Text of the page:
Kids are incredible. What a lesson in humanity this three old just schooled me with. “Hey, Dad! KNOWLEDGE BOMB!” KER-BOOOOOM!
My daughter gets up and scurries away, leaving me feeling broken and alone. I call my son over, deciding to get all the dirty work out of the way at once. If I’m going to be emotionally flogged, let’s just be sure to break me completely…
“Rory… hey, Roar. C’mere a sec…” My son approaches me and flops down onto my chest, knocking the wind out of me. He laughs and pretends to bite my chin. “Yaaaahhhhsssss?” he says in some weird Southern drawl and, like tearing off a Band-Aid, I respond quickly with, “Is Daddy mean to you?” and, in matched speed he answers with, “Nope!” and I say, “Are you sure?” and he says, “You’re not mean, Daddy!” and I say, “Do I hurt your feelings?” and he says, “NO! You don’t hurt my feelings!” and there is a little wash of relief that pours over me.
Good, good, good, good, good…
I say, “Okay. Thanks, buddy. I love you. Go play,” and I stand him up before shutting my eyes to recount this revelation as he begins to walk away but… too soon. He doubles back while I’m not paying attention and drops both knees into my abdomen, his laughter the only sound breaking through my pain.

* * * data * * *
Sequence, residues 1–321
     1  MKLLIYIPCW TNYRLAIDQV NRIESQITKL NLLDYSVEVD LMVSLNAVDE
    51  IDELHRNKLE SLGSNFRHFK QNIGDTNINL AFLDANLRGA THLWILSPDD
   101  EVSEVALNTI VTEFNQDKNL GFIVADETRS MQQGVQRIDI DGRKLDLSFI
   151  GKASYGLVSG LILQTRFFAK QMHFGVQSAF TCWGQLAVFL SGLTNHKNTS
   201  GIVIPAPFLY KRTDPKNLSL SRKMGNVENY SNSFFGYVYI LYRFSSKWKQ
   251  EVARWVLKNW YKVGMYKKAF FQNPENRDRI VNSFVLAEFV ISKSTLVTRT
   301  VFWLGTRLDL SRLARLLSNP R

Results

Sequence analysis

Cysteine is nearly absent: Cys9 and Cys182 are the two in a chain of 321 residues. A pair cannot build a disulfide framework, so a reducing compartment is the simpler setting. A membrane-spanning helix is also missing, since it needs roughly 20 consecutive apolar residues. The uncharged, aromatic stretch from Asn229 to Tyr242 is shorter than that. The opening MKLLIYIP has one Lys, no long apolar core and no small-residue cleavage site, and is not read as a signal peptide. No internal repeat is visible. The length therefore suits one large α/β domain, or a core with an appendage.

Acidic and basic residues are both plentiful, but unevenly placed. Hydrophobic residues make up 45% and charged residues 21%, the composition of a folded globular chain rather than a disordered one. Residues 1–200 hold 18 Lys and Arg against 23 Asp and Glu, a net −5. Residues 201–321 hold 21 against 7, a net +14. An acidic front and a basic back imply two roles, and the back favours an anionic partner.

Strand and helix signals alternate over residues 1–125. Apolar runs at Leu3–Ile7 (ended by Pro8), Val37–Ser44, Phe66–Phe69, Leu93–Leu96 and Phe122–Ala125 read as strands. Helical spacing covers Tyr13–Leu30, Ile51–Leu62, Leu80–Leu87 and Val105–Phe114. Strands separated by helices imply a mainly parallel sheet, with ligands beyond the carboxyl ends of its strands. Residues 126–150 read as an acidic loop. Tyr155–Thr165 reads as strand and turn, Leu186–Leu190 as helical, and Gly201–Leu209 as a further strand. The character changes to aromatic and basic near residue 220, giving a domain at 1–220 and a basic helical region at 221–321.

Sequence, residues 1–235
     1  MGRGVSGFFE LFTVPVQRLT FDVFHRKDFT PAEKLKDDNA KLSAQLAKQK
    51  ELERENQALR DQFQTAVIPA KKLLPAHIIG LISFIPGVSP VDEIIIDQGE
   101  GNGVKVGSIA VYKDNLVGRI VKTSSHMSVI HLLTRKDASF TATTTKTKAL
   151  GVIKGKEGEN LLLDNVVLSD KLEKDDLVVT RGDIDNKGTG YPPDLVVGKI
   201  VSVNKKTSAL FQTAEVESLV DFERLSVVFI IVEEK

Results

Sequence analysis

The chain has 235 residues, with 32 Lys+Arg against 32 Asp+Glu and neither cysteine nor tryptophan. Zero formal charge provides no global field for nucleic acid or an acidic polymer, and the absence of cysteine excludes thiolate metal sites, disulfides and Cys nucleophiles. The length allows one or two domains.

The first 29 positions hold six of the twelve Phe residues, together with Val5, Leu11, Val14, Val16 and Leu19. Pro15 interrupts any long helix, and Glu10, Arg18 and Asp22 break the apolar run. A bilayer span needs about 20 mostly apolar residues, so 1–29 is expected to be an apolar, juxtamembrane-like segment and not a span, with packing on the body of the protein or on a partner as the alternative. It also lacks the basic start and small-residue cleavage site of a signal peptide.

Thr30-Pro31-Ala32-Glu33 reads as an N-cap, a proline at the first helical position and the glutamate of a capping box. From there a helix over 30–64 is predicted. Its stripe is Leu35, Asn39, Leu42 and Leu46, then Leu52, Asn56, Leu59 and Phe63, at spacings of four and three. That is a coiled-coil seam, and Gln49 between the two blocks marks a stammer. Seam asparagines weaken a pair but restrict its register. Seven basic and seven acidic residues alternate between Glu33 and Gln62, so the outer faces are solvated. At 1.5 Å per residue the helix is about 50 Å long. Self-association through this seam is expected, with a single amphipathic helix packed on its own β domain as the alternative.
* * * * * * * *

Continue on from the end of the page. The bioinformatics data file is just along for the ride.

It’s just another reminder that, no matter how many parenting books you read, seminars you attend or videos you watch, there is no right way to raise children because each and every child is so completely and stupendously different. Just because you have two children (and this goes double for twins) doesn’t mean that you have two of the same child. They are people, like you and I, each with their own sets of bends and interests. Each has their own sets of needs and desires and wants and what hurts the feelings of one may actually be the fuel that powers the second.
My children never fail; they are unceasingly unapologetic in their quest to build me into a better man, father and human. They constantly remind me how far I’ve come but are sure to keep me humble by reminding me how far I have yet to go.